Tag: urban landscape

AMR Spring Art Show at the Commons

The Commons Building has become an important art hub for the communities in and around Middletown in Delaware County. Founded in 2007 as an artist-run cooperative, Longyear Gallery has hosted numerous solo and group shows in a 1,275 sq ft space located on the second floor. In the summer of 2016, the gallery took over a larger and better illuminated 1,425 sq ft space located on the first floor, divided into two separate rooms. Close to a hundred pieces by eighty artists were recently shown in a multi-media art exhibition titled “Artists Choose Artists,” which included works by landscape painters Ellen Wong and Kevin David Palfreyman, both influenced by the Hudson River School of Painting, poet and abstract painter Andrew Tully, ceramicist Peter Yamaoka, and photographers Frank Manzo and Helene Levine-Keating.

In the space left vacant by Longyear Gallery on the second floor, another gallery opened in recent months simply called Upstairs at the Commons. The space is available for rent to individual artists and groups in search of new possibilities to show their works. The space is currently rented by AMR Artists, an artist coalition affiliated with the AMR (Andes-Margaretville-Roxbury) Open Art Studio Tour, which takes place every year the last weekend in July. The group uses as its motto a quote by Albert Einstein: “Creativity is contagious, pass it on.”

The Spring Show hosted by the AMR Artists, which opens on April 19 and remains on view through May 13, will include works by twenty participants working in different disciplines: painting, monotypes, photography, tapestry, installation, and even jewelry.

Lisbeth Firmin's Studio. Photo © 2017 Simona David
Lisbeth Firmin’s Studio. Photo © 2017 Simona David

Urban realist painter and printmaker Lisbeth Firmin, an artist whose studio is in fact located in the Commons Building, will be showing new monotypes produced under the influence of Scuola Internationale di Grafica in Venice where Firmin was a resident in 2017. For over four decades Firmin’s work has been in hundreds of solo and group shows across the country and internationally, and finds itself in numerous private art collections. “My urban landscapes follow in the tradition of earlier realists such as John Sloan and Edward Hopper, depicting today’s modern life in the streets, while reflecting modern themes of isolation and disconnection,” she explains. Firmin, who was the cover artist for the 2008 spring issue of Epoch, Cornell University’s literary magazine, and was the featured artist in the 2008 summer issue of the Gettysburg Review, often shows her work throughout New York State and North Carolina, as well as at Rice Polak Gallery in Provincetown, Massachusetts.

Hedi Kyle is a book conservator and educator, and co-founder of the Book Preservation Center at the New York Botanical Garden. She is also co-author of Library Materials Preservation Manual, one of the first books on library preservation techniques. As head conservator at the American Philosophical Society in Philadelphia, and as an adjunct professor in the Graduate Program for Book Arts and Printmaking at the University of the Arts, Kyle had trained and mentored a generation of conservators and book artists. Since moving to the Catskill Mountains, she continued to experiment with materials and seek beauty in the form of book installations. “My work is usually based on paper which I transform by folding it into book structures and three-dimensional objects. Since my retirement as a book conservator and teacher my move to the Catskills has overwhelmed me with new impressions and motivated me to experiment with other materials such as clay and fabrics,” she says. During the AMR Spring Show, Kyle will be showing a ceramic piece called Fragilo I, as part of a series that she is working on under the guidance of Michael Boyer at the Pine Hill Community Center. She continues to work on drawings and prints as well – these will be exhibited during the monthly member shows at Longyear Gallery.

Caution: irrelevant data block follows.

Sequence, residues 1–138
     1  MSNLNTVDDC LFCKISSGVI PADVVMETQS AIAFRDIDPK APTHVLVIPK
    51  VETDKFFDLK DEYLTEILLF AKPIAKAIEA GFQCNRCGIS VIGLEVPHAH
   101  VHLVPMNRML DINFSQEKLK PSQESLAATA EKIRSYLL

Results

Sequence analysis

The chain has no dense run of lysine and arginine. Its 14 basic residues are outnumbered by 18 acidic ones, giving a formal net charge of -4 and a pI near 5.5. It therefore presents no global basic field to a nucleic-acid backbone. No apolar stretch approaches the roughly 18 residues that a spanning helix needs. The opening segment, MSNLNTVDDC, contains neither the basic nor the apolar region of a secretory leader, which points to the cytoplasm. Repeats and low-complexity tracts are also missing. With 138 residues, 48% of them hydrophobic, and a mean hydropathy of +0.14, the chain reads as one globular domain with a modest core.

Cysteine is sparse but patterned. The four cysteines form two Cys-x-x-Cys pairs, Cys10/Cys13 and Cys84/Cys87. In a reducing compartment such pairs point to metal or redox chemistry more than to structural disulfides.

Rock Bridge on Lower Meeker
Rock Bridge on Lower Meeker by Deborah Ruggerio (oil on canvas, 18” x 24”, 2018). Contributed Photo.

Deborah Ruggerio, a new artist affiliated with the group, has been in the area for about three years. In 2018 she built her studio in Roxbury’s Historic District, and opened it to the public for the first time as part of the AMR Open Art Studio Tour last summer. Ruggerio, who also serves on the Planning Committee for the tour and had taught art in New Jersey for decades, has painted all her life, but has been particularly moved by the Catskill Mountains’ scenery and the ephemerality of all things in nature ever since she moved to the area. As a landscape painter, she often sketches in nature, but finishes the work in the studio. “Color creates emotions,” Ruggerio says, as she always tries to select a color palette that she believes captures the essence of the environment in the moment, whether be a fall or a winter scenery. In the Spring Show, Ruggerio will exhibit two recent pieces: “Rock Bridge on Lower Meeker” (oil on canvas, 18” x 24”, 2018), and “View from the Johansson’s Bridge” (watercolor, 9” x 12”, 2018); the second one was part of the Greene County Council on the Arts Holiday Show this past winter.